“Football with out fans isn’thing,” goes the quote from the legendary Celtic manager Jock Stein. Few would argue with him. Anybody who had the misfortune to sit by England’s latest zero-0 draw with Croatia might be acutely aware of this: the game was played behind closed doorways on account of sanctions towards Croatian fans and thus possessed an environment more akin to a morgue than to a major sporting event.
While the significance of football fans to the game is clear, it won’t truly be that relevant to the clubs themselves. Regardless of the platitudes handed out by managers, players and administrator, the financial impact of supporters passing by turnstiles, buying merchandise and meals and generally being present on the occasion is ever-lowering as tv cash becomes the motive force behind income. It begs the query of whether fans are actually needed in any respect for clubs to make money. In keeping with the balance sheets of half the English Premier League (EPL), they aren’t at all.
The cost of football, and the perceived rise in it, is a constant bugbear for fans. Ticket costs have grown exponentially for fans, and even factoring in numerous value freezes put in place throughout the leagues and caps on the price of away supporter tickets. MyVoucherCodes helpfully compiled the info on this compared season ticket costs and single ticket prices across Europe’s five biggest leagues, with the (admittedly fairly obvious) results that the UK is by far the costliest place to observe football.
An average season ticket is £516 and a mean single match £28.50, far outstripping say, the German Bundesliga, which averages £159 for a season and £13 per game. Bayern Munich, who recurrently promote out their Allianz Arena stadium charge just £one hundred twenty five for a standing season ticket behind the goals. Famously, their club president Uli Hoeneß has stated that FC Bayern “do not think the fans are like cows to be milked. Football has acquired to be for everybody. That is the largest difference between us and England.” This isn’t restricted to the highest leagues, both: the cheapest regular season ticket in your complete English league system, at Charlton Athletic, continues to be more costly than watching Bayern Munich or Barcelona.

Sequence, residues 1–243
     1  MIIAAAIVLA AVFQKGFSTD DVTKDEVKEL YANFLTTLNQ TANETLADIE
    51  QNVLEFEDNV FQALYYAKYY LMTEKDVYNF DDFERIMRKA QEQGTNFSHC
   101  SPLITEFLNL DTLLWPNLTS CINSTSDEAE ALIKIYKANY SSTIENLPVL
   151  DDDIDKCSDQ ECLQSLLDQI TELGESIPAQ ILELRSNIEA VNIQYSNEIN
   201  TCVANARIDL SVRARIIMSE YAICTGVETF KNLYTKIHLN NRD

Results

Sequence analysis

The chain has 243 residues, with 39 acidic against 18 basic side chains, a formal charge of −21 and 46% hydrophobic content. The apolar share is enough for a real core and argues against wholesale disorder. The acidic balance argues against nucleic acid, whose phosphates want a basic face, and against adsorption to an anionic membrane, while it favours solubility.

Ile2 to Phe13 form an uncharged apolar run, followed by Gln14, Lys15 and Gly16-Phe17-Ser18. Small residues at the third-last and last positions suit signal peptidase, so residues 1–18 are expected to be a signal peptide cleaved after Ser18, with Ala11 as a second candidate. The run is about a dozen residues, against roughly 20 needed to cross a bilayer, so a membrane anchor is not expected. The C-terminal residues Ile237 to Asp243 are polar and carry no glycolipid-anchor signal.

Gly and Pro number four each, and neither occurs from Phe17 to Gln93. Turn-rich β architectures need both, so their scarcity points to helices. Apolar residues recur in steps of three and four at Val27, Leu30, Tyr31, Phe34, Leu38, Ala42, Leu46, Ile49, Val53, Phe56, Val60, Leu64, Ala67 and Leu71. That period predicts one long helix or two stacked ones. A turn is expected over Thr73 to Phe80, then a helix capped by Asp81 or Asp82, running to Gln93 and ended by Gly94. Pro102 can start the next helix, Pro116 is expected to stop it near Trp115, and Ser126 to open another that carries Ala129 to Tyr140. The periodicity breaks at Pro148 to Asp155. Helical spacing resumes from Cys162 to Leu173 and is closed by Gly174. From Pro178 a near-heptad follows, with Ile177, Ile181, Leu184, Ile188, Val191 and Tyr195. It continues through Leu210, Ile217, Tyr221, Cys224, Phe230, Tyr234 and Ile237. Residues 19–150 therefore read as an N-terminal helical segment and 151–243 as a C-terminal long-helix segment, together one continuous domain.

The larger question about who football is for has been completed to death, and the answer that almost all have come to is that it is not for the working classes. Chelsea FC blogger Tim Rolls has extensively charted the rising costs at his club against the common weekly wage of someone in London, finding that in 1960, tickets at Chelsea’s Stamford Bridge cost 1% of the average weekly wage, which rose to almost 3% by 1990 and in 2010 stood at 10%.
While clubs have carried out a league-extensive £30 price cap for away fans, there are no limits to what they can charge their own supporters.
“My house season ticket costs £880 for 19 Premier League games,” says Tim of the costs as we speak at Chelsea. “I am also an away season-ticket holder and the 19 away compare liverpool tickets price me £560 (the £30 price cap is useful here), plus Southampton give an extra £10 off as a part of their sponsorship cope with Virgin Media. So PL tickets cost £1,440 a season.”
“I reckon my away journey probably prices round £900 p.a., which assumes no in a single day stops. Chelsea do run sponsored £10 coaches to all away games outside London and £10 trains when there is no such thing as a suitable service train, although the supply of those depends on the not-very-helpful train companies. My travel to residence games is free as I am over 60, in any other case it might in all probability cost round £250.”
If the core constituency of the English game is now not the working class, then it begs the query of who it’s for. The reply to that is, evidently, the TV audiences at house, who fund the majority of the sport by way of Pay TV subscriptions and the advertising revenue derived from the ability to market directly to them. This is replicated in club finances throughout nearly all ranges: Manchester United derive 20% of their earnings from matchday revenue – a summation of ticket costs, hospitality and food/beverage – while round twice that comes from TV and yet more from commercial deals.